Saturday, January 17, 2009
This is not one I would have chosen but it is the correct number. I spotted this oversize stuffed tiger in a dumpster at a trailer park near beautiful downtown Wetumpka, Alabama. It struck me as funny so I took several pictures, thinking it might fit an Auburn joke somewhere along the line. This year has been tough for Auburn and I did not want to pile on so I have not share the picture---until now. I am going to pass on the tagging. If you read this and would like to play, jump right in.
Saturday, January 10, 2009
Friday, January 09, 2009
I passed one of those little dirt drives that I have noticed before and knew I would eventually explore. So I made a u-turn--I mean legally turned around--and drove up the drive to find this little gem.
I took several pictures of the front of this old house but intentionally chose this angle because it captured the interesting tree on the west end of the house and mostly because it showed the cell tower about 50 yards behind the house. Can you imagine explaining to the original occupants of this house what a cell phone tower is?
Out back, old Blue's house is in about the same condition.
It was fun to poke around and take some pictures. This represents a departure from my "raisin". My parents taught me to respect other people's property. Not just refraining from taking what does not belong to you but staying off other people's property. We did not even cut across yards and my dad was quick to challenge those who came on his property uninvited. That was difficult for me to overcome when I began delivering mail in Capital Heights in the 1970's. Mailboxes by the door meant walking across EVERY yard and onto porches--even right past open windows. It tool a LONG time for me to feel comfortable with that and there were some embarrassing moments along the way. I am still respectful of private property and recognize that fences exist for a reason. My years and white hair have given me a look of trustworthiness that allows me to plunder within reason and I have the integrity to leave things as I found them. But I am becoming bolder about going places to look and take pictures. It is fun to me. This old house and its occupants will cross my mind several times over the next few days as I wonder what their life was like and what they would think about being in the middle of a fast growing city rather than out in the country. This morning I posted famous quotes. When I uploaded these photos to Facebook, I added a quote that will be famous some day; "If you never plunder or trespass, you are not a serious photographer." Remember, you heard it here first.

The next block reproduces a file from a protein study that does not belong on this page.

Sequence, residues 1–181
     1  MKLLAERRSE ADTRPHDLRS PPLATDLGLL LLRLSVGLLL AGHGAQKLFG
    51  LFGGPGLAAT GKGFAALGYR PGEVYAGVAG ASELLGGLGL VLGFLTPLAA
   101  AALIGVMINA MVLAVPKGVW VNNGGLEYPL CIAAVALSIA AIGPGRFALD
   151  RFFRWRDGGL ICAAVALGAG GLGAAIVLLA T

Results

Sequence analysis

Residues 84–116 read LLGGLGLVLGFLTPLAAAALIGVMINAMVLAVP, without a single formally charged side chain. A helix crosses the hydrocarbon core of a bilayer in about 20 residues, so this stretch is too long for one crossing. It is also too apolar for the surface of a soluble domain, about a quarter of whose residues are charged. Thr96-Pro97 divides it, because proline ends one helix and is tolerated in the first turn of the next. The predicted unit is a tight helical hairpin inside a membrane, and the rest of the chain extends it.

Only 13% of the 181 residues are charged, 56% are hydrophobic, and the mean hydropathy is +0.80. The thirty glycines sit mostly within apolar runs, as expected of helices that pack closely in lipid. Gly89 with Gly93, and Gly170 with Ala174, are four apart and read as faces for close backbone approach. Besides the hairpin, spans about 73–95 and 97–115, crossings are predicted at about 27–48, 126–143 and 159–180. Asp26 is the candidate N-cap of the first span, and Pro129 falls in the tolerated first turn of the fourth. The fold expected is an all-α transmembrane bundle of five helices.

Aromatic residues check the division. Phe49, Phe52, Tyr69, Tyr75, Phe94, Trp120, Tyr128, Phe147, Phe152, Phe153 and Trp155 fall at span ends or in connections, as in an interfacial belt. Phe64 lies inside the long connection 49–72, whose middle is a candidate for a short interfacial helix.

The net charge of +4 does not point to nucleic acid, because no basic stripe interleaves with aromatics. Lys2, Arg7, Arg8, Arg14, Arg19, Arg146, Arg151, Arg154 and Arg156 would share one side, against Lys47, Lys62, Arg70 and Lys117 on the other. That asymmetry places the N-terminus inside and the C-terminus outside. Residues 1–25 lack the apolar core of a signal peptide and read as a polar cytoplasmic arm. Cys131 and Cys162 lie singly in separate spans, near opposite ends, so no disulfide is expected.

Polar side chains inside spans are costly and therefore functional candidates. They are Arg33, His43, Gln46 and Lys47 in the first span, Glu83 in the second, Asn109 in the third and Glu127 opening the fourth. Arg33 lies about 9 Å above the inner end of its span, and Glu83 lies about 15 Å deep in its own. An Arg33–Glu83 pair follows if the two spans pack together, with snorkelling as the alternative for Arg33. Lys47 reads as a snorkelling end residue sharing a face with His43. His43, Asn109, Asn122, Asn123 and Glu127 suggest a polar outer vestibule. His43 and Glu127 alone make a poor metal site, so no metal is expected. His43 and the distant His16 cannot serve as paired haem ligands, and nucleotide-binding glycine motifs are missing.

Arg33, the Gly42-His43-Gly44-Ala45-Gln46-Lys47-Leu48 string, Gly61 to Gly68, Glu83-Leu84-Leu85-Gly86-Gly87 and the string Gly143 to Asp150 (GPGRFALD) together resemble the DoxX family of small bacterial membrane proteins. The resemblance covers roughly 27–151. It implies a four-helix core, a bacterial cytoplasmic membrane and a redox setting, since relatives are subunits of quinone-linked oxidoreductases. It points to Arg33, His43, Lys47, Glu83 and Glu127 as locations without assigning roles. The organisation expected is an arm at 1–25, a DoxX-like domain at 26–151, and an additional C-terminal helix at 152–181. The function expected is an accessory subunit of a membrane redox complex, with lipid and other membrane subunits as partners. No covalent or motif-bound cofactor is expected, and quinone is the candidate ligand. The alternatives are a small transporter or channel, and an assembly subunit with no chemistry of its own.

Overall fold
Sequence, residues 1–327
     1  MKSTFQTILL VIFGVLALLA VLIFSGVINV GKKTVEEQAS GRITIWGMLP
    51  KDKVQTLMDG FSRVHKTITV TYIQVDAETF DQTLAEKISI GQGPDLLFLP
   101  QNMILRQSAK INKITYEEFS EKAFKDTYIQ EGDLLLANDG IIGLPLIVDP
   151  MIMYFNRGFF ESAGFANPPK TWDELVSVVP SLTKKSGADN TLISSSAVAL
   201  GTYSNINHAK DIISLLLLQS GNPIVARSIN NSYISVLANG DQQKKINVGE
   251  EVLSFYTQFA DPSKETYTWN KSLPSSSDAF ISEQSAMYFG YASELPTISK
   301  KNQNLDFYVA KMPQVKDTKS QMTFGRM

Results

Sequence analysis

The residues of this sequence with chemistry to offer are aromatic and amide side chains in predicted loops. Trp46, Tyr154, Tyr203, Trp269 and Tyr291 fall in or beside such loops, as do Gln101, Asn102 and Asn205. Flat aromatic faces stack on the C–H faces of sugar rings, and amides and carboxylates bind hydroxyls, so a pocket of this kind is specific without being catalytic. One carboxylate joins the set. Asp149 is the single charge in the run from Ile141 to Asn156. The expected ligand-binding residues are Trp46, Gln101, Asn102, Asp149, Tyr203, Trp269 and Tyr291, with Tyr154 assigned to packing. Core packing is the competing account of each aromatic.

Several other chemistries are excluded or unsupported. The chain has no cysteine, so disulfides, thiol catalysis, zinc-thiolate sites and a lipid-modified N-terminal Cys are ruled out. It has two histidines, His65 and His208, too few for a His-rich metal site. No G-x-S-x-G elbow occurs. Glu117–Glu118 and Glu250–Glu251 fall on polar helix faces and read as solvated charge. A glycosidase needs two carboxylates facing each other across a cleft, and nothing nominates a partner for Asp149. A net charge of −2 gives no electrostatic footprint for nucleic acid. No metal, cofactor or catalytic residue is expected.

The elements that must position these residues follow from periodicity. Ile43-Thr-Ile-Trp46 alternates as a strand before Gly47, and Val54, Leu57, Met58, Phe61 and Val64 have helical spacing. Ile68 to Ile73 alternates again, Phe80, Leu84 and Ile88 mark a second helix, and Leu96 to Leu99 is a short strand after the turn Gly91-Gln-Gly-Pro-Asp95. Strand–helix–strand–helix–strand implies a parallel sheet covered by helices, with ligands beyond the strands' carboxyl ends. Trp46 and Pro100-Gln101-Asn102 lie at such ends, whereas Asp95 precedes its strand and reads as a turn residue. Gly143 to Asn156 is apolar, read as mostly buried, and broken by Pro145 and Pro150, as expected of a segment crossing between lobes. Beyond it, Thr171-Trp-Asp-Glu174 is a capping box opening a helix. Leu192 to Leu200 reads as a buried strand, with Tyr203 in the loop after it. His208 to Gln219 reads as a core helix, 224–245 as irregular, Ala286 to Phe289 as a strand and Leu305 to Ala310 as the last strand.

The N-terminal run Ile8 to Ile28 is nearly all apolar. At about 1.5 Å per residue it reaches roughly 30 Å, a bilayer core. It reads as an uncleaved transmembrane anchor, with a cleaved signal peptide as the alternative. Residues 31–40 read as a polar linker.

-- Robert Heinlein, American Novelist
"Most men lead lives of quiet desperation and go to the grave with the song still in them."
Henry David Thoreau
"Do you ever feel like you wake up every day and it is exactly the same as the day before? Like nothing ever changes?"
Phil in "Groundhog Day"
Wow, nearly 37 years at the USPS is a lot like Groundhog Day. I've got to choose and define some goals before I die with my song still in me. Those who have heard me sing think that may be a good thing.
The more people I get to REALLY know, the more I realize how much courage it takes to choose a new direction and follow it with determination. And the more I respect and appreciate those few who do that boldly. So, I have to get off the computer now and go for a long run.